Why I Watched the Olympics Standing Up

I love watching the Olympics. I love the otherworldly athleticism, the genetic-freak-show nature of the athletes, and, even, the inevitable soap operas that haunt many of the high-profile athletes. (Is Lo Lo Jones a worthy Olympian or an over-hyped poser? Tune in for the 100m hurdle finals and you can be the judge!) I don’t care that the Olympics has become a crass and commercialized product. It is great TV.

But each time I watch, I am struck by the HD-worthy contrast between the profoundly active Olympians and the coach potato-ness of my viewing experience. The irony is hard to ignore.

So this year I decided to do something different. I watched parts of the games standing up. Of course, there were moments when I couldn’t help myself. (Go Bolt!) But usually I had to force myself to put down the remote and rise off the well-worn leather. I even tried to get my kids to do mini-circuits during the commercials. (That strategy was – surprise, surprise – only moderately successful.)

Why did I decide to make this change? Just a few weeks ago a new series of studies was published highlighting the degree to which inactivity has become a major health problem. One report suggested that inactivity kills 5.3 people million a year. It was also noted that it is the fourth-leading cause of death worldwide, and results show that about 6 percent of the burden of disease is caused by heart disease.

Of course, we have long known that physical activity is good for you. But to see the impact of our sedentary lifestyle on global death rates is uniquely eye-opening.

These are staggering numbers.

Adding to this picture of a species of sloths who are sitting themselves to death is the recent work on how important it is to keep moving all day long. A healthy and active lifestyle must include more than a weekly visit to the gym – though that is a good start. A growing body of literature has revealed that we should strive to constantly be active. In particular, we need to avoid long periods of immobility, especially sitting.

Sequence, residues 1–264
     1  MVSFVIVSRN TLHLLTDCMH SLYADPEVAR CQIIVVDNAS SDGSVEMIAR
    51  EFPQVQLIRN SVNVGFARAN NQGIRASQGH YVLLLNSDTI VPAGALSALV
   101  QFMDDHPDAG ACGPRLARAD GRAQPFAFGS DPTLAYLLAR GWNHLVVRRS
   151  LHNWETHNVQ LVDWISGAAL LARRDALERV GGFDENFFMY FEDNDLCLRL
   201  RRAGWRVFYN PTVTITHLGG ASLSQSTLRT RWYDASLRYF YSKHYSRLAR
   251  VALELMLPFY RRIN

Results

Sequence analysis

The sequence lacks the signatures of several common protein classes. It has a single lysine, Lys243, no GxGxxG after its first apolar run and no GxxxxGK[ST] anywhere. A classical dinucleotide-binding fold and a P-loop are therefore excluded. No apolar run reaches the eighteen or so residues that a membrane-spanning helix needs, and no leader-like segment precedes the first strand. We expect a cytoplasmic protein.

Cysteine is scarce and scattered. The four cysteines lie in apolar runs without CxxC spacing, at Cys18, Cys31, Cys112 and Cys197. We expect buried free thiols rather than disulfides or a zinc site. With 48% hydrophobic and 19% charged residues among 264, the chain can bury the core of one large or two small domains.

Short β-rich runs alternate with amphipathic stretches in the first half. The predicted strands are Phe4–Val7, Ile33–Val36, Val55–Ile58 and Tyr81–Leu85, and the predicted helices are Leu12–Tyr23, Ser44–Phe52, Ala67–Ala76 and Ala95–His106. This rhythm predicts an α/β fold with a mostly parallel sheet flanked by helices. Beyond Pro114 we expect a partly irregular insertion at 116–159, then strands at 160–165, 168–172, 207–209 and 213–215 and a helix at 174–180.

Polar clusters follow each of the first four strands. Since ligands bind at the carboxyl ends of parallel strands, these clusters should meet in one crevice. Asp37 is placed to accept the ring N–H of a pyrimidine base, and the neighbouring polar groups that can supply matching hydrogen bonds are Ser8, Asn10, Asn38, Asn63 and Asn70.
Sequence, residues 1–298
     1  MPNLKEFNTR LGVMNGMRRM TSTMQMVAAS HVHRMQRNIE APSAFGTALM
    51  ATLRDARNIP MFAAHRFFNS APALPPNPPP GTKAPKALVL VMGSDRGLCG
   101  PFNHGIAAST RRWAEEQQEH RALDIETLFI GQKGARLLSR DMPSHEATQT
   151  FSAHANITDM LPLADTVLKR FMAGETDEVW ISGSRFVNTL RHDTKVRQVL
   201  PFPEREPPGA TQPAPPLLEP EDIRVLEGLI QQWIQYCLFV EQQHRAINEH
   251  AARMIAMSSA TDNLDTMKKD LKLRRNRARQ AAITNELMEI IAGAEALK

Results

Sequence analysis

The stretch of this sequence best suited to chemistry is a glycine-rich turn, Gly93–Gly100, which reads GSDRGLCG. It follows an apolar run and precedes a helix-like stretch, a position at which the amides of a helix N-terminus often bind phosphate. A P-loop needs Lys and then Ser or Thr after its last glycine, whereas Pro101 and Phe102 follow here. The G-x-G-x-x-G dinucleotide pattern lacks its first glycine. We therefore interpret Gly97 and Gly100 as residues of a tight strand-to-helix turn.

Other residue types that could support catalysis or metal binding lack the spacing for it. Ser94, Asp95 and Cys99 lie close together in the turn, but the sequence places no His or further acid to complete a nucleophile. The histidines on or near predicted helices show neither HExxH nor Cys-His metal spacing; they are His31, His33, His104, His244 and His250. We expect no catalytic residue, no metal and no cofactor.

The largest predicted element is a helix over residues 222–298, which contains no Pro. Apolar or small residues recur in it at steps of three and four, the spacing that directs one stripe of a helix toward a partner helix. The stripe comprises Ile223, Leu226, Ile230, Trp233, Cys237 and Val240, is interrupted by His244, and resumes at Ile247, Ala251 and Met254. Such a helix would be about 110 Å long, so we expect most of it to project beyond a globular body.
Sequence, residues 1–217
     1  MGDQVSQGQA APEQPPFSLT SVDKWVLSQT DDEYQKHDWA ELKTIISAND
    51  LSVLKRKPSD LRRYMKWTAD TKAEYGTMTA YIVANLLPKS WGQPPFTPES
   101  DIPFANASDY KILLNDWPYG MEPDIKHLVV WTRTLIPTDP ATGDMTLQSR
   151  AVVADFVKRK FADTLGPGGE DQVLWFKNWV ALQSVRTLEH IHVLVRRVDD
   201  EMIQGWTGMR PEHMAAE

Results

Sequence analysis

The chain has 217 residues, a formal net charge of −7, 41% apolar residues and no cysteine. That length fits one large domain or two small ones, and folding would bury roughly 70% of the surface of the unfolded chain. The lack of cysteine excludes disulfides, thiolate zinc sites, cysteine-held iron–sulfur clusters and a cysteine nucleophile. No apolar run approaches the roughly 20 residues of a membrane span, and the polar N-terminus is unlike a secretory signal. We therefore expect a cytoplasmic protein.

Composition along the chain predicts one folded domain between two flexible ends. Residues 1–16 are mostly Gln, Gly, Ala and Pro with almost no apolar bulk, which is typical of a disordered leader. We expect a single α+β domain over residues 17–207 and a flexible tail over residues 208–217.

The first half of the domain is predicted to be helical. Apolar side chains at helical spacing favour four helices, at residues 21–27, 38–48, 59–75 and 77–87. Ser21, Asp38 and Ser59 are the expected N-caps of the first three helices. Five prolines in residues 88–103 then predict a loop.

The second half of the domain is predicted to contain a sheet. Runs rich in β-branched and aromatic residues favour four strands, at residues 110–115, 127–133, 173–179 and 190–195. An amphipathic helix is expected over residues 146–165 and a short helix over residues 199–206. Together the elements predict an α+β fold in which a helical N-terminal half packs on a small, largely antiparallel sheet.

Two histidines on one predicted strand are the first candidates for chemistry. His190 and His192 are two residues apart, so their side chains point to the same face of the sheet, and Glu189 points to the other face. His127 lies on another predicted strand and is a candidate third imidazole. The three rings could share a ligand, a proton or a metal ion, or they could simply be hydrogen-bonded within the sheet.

In total, the available evidence tells us that we should both work out (i.e., get in a bit of intense resistance training and aerobic exercise) and to keep moving throughout the day. Strategies to satisfy this latter requirement: Stand while on the phone, use a standing desk, commute to work by bike or on foot, and make TV watching more active… hence my vertical viewing.

The Olympics are drawing to a close. Post-Olympics my TV watching will decrease substantially (but only two more years until the start of the winter Olympics in Russia!). Still, I am going to try to maintain my standing-as-the-norm approach to all my daily activities.  True, there are a few activities that are best done in a horizontal position. But other than sleep, at least a few moments on your feet can usually be worked in to the routine.

Get more tips from Tim Caulfield, or learn more about his book, The Cure for Everything: Untangling the Twisted Messages about Health, Fitness and Happiness.


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The Cure for Everything by Tim Caulfield
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